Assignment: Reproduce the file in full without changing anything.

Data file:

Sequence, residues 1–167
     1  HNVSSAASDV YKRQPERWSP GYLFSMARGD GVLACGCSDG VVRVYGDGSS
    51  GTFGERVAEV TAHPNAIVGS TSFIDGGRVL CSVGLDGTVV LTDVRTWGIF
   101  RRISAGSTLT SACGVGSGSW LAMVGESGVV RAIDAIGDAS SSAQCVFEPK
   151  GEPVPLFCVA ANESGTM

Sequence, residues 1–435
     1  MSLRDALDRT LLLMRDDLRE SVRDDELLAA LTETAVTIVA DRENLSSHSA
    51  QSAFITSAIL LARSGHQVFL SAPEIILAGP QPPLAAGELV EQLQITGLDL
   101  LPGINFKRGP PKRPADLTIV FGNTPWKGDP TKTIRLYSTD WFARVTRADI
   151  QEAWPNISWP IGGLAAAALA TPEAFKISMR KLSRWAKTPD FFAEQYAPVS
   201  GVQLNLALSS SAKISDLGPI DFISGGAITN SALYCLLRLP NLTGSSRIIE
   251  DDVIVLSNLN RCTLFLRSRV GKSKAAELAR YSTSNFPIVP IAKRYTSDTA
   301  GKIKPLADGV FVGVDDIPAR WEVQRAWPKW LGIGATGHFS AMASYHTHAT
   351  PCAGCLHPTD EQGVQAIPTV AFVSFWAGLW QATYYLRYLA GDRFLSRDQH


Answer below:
Sequence, residues 1–167
     1  HNVSSAASDV YKRQPERWSP GYLFSMARGD GVLACGCSDG VVRVYGDGSS
    51  GTFGERVAEV TAHPNAIVGS TSFIDGGRVL CSVGLDGTVV LTDVRTWGIF
   101  RRISAGSTLT SACGVGSGSW LAMVGESGVV RAIDAIGDAS SSAQCVFEPK
   151  GEPVPLFCVA ANESGTM

Sequence, residues 1–435
     1  MSLRDALDRT LLLMRDDLRE SVRDDELLAA LTETAVTIVA DRENLSSHSA
    51  QSAFITSAIL LARSGHQVFL SAPEIILAGP QPPLAAGELV EQLQITGLDL
   101  LPGINFKRGP PKRPADLTIV FGNTPWKGDP TKTIRLYSTD WFARVTRADI
   151  QEAWPNISWP IGGLAAAALA TPEAFKISMR KLSRWAKTPD FFAEQYAPVS
   201  GVQLNLALSS SAKISDLGPI DFISGGAITN SALYCLLRLP NLTGSSRIIE
   251  DDVIVLSNLN RCTLFLRSRV GKSKAAELAR YSTSNFPIVP IAKRYTSDTA
   301  GKIKPLADGV FVGVDDIPAR WEVQRAWPKW LGIGATGHFS AMASYHTHAT
   351  PCAGCLHPTD EQGVQAIPTV AFVSFWAGLW QATYYLRYLA GDRFLSRDQH